Developing self reliance and resilience in enabling social mobility

It is the behaviours and skills of self-regulation and self-management that will be critical in individuals being able to make the most of their careers in a constantly changing labour market. The careers profession has branched out beyond the perceived traditional role of providing information and advice to individuals in helping them to make informed decisions about learning and work. Increasingly it has come to terms with the fact that “career” is no longer a choice made early in life and pursued for the remainder of one's working life; this concept, if it was ever the norm, has given way to the realisation that a career is a varied journey that will have many changes in direction, even U-turns, and individuals need to learn the skills to adapt. For most people career is viewed as being on a vertical trajectory; the acquisition of skills, qualifications, and experience all go to enabling people to move up the career ladder. This aspect has not changed, but the concept of a ladder can usefully be replaced by a climbing frame in the modern labour market, where individuals can advance through lateral as well as through vertical career progression.

The best laid plans of mice and men often go astray.11
One of the ways the careers profession has broadened its approach in the way it supports individuals to manage change is the adoption of tools designed to assess, and then help to develop, a young person's character and capacity to adapt. The “traditional” components of successful career management, such as access to good careers and labour market information and analysis of abilities and aptitudes are important in making choices, but the careers adviser must be increasingly aware of the personal capacity of the individual to use these to their advantage; this includes relating career planning to personality factors that can enhance personal effectiveness. It is not necessarily sufficient to enable informed planning; we must also equip individuals with the skills and awareness they will need to see the plans through. Key to this is supporting the development of internal drive and determination to succeed.

One way this is being tackled is through the application of mental toughness and, in particular, the use of the MTQ48 psychometric test as a complementary measure in helping individuals to increase their effectiveness when making career decisions and following career plans.

The MTQ48 psychometric measure

Commitment and challenge

When it comes to helping people succeed there is a clear correlation between the mental toughness of individuals and their subsequent performance. Mentally tough people demonstrate greater tenacity in setting and achieving goals; this is measured in MTQ48 on the commitment scale. They have the confidence to make plans and to navigate their way forward even when they face obstacles to progression or setbacks. Commitment is something that young people who are faced with choices must master as they learn to discriminate between those opportunities that have a long-term benefit over those that may bring more immediate satisfaction or reward, but are short-lived. Where goals or rewards are distant it is often more challenging to stick at a plan or a task.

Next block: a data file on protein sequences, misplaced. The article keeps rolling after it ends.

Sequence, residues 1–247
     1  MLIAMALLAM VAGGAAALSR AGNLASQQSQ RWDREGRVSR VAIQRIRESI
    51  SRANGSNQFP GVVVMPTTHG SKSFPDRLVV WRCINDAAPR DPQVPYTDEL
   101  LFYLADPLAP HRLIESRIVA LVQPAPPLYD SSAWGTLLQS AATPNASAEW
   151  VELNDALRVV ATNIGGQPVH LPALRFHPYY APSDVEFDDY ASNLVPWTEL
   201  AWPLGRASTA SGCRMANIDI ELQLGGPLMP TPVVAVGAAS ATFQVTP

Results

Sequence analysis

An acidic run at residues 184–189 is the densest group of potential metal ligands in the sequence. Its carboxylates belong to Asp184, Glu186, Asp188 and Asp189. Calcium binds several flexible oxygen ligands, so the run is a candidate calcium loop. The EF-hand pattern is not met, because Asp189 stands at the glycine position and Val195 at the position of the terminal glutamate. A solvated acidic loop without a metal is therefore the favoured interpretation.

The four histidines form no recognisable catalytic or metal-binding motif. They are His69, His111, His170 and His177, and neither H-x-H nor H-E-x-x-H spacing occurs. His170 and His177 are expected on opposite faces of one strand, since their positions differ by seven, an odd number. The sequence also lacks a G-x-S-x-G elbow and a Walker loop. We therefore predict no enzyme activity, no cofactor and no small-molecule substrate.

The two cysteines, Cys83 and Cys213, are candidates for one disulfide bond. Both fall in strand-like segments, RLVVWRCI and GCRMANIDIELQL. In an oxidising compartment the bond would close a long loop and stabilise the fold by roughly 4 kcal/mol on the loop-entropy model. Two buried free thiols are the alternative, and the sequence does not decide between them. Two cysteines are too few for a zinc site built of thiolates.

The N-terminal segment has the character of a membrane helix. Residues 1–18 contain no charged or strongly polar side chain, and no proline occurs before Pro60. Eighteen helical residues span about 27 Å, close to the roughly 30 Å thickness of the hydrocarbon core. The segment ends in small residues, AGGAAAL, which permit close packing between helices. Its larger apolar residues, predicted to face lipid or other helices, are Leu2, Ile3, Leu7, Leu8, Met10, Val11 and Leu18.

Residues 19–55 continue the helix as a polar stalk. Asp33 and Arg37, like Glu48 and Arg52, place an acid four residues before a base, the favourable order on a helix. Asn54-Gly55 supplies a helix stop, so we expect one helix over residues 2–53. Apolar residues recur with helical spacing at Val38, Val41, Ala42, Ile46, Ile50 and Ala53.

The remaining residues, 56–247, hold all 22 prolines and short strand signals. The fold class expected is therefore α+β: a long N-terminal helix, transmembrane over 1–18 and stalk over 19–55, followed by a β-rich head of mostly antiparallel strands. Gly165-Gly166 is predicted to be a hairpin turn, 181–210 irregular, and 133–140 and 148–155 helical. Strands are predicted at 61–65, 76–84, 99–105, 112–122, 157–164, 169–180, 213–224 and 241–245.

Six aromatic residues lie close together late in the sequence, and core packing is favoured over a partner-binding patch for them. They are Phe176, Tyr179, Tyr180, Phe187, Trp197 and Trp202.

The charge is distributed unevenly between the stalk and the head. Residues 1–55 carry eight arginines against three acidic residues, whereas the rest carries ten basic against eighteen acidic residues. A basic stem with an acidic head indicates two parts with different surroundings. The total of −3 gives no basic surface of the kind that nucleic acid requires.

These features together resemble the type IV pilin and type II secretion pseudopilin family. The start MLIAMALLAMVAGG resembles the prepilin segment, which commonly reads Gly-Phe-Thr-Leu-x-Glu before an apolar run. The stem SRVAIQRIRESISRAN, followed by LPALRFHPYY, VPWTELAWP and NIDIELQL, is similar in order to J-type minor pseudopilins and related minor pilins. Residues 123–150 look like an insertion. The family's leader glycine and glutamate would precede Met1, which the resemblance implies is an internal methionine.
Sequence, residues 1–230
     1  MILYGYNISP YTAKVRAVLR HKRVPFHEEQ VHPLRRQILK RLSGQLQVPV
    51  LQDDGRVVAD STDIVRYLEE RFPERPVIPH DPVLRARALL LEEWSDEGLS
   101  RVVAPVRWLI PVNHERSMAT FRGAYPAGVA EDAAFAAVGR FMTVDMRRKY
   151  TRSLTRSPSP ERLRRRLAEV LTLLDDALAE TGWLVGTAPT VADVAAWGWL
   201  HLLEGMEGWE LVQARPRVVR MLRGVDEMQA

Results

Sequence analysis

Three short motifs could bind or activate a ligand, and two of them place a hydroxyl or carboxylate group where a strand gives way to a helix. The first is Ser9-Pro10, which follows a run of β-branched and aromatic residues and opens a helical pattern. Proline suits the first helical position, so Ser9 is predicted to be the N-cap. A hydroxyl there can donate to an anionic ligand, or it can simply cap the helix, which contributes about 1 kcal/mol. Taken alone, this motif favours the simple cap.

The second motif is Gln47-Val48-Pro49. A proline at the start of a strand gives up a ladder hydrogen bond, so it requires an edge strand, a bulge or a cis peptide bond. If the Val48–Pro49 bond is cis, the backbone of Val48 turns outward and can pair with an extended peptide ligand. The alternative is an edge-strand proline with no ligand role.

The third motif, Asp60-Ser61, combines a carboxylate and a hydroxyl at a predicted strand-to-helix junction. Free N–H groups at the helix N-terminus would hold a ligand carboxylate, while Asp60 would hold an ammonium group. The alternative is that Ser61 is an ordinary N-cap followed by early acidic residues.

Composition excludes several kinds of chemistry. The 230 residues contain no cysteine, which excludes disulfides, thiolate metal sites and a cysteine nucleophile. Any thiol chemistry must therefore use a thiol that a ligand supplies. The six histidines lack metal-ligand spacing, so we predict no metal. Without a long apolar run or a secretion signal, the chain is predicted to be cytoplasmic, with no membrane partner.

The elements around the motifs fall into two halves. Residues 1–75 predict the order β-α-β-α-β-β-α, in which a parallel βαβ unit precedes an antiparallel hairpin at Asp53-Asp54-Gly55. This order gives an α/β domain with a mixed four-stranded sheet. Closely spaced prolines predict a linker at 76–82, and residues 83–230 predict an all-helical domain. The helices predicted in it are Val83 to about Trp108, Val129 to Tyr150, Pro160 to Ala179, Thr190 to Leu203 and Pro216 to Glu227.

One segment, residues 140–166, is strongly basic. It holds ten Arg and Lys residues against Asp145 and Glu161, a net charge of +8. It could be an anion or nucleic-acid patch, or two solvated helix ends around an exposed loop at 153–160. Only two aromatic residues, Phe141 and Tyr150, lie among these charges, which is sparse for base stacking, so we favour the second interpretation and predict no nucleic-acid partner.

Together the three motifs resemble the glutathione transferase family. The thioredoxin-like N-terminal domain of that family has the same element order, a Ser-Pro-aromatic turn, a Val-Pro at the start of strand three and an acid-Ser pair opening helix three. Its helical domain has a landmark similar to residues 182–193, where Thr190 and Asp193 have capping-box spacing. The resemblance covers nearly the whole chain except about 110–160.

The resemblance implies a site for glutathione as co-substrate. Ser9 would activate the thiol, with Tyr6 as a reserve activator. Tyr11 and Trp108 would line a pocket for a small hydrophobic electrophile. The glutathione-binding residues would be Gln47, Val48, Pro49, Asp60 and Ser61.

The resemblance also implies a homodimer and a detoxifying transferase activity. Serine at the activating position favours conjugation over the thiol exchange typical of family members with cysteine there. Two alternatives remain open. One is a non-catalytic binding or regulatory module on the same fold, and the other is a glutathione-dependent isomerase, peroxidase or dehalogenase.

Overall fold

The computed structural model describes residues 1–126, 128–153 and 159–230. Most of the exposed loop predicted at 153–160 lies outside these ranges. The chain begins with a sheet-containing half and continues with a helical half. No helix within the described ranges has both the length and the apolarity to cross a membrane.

Putting the timeless nature of handwringing and angsting about feckless youth aside, there may be some legitimacy to contemporary anxieties that our instant-gratification culture is having an adverse
affect on young people's ability to defer gratification and develop an ability to work towards goals over longer periods. Certainly, it is the case that they are socialised into a more immediate results lifestyle, whether through the interactive and spectacular returns from online and modern gaming technology or the ability to use search engines for instant answers to questions or problems. Learning the benefits of long-term commitment and its rewards and how to achieve this can be the key to success in managing one's career. MTQ48 has been used to identify levels of commitment in individuals as they start to think about and plan their careers. One way that the results have been used has been to undertake goal setting. Individuals low on commitment often find goal setting difficult, which induces behaviours that avoid this. It is commonly found to be associated with a lack of ability to focus or concentrate for any length of time, which is another aspect of low commitment on the MTQ measure. By showing individuals how to concentrate longer and to break down goals in to measurable tasks with timescales it is possible to help them to become effective planners. This in turn helps to motivate individuals who can see the steps to be taken and as they are achieved to benefit from the sense of wellbeing and achievement. Young people who have taken part in exercises using MTQ48 have commented positively on its effect on them:

'I thought the mental toughness sessions were very good. It taught me to think about how I organise my time better. I told my friend about it because I think it will help her'—Danielle, aged fifteen.

'I liked learning how to get more organised with my time'— Kirstie, aged fifteen.

'The mental toughness programme helped to improve my confidence—it made me feel stronger. I really enjoyed the brain training activities and learnt to do things step by step. My friends should do it too'.—Scott, aged fifteen.

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